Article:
Title: Wrote an MK preview
Posted: March 17, 2011 (07:37 PM)
I wrote this initially as a favor to Jason (the other Jason) but I know there are a lot of MK fans here as well, so I wanted to share. I think it turned out rather well:
For years Mortal Kombat has been on a downward spiral, suffering from the same affliction many popular titles encounter: a loss of identity. What began as a brutal, no-holds-barred pioneer slowly devolved into a clunky, watered-down mess. Whether the several, sometimes non-violent, directions the game took was an attempt to market it to a wider audience, an effort to be taken seriously or simply a de-sensitized fan base, none can say. It was, however, evident that a change was needed if MK was to survive or even contend with the brilliant Street Fighter IV. So what’s the best way to instill new life into a series that has had more disappointing sequels than the Silent Hill franchise?
Strip it down to the bare essentials, those things that made it popular in the first place.
Which is, seemingly, what Netherrealm studios has done with their latest release, the simply named Mortal Kombat.
Like many, I got a chance this week to play around with the demo, and must say that I’m ultimately impressed with what I saw—albeit nervous at the same time. I had heard many rumors that Mortal Kombat was a re-imagining of the first game with a larger roster, enough gore to make Tarantino nauseous and a brand new engine to drive it into your brain. And while the demo didn’t reveal anything in regards to the story or how it’s going to work with so many new characters, it did grant me a very disturbing insight into the core element that made MK a cultural phenomenon: the violence.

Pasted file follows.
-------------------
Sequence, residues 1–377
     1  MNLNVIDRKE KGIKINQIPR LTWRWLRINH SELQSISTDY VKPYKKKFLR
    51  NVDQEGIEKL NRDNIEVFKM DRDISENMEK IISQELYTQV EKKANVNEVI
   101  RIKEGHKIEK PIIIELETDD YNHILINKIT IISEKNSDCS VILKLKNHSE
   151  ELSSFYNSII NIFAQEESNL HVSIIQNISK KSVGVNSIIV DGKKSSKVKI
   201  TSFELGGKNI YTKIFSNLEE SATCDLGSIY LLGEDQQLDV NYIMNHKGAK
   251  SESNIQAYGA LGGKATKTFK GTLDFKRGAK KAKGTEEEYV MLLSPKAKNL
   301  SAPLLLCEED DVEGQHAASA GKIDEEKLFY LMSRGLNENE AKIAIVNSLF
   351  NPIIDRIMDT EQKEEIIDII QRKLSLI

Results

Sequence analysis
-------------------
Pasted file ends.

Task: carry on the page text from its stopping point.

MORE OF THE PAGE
Though I only had the opportunity to play with four characters—Mileena, Sub-Zero, Scorpion and Johnny Cage (who’s even more of a tool, if that was possible)—each with only one Fatality, it’s evident that Netherrealm has put in the time and effort to make something memorable…whether you want to recall it or not. Most likely, the full version will provide more than one but even those were enough to shock then intrigue me. I won’t go over them all, as you really must play this demo and see for yourself, but my favorite that I absolutely must mention was Scorpion’s. He rips out his sword, slicing horizontal towards his enemy’s waist so fast that the upper torso lands squarely on the legs and stays there. He completes the same miraculous feat with the victim’s head, like a building block of body parts, then proceeds to kick the torso, flinging it back and spinning the head high into the air. One last vertical swipe severs the head right down the middle, and the two parts—brain exposed—fall to the ground.
It was utterly brutal, a little unnecessary and over-the-top, but it shook and amazed me nonetheless. It’s also evident—through the CGI preview at the end of the demo—there will be a fair amount of environment Fatalities that go far beyond characters simply falling on spikes. One had a prone Liu Kang struck so hard in the face by a racing taxi it took his head clean off, leaving his tense, twisted corpse twitching. Another showed Scorpion ramming Sub-Zero’s face into a pool of magma. When he pulled it away, the face had been completely burned off, the skeleton’s jaw still clacking and molten lava oozing out his eye sockets.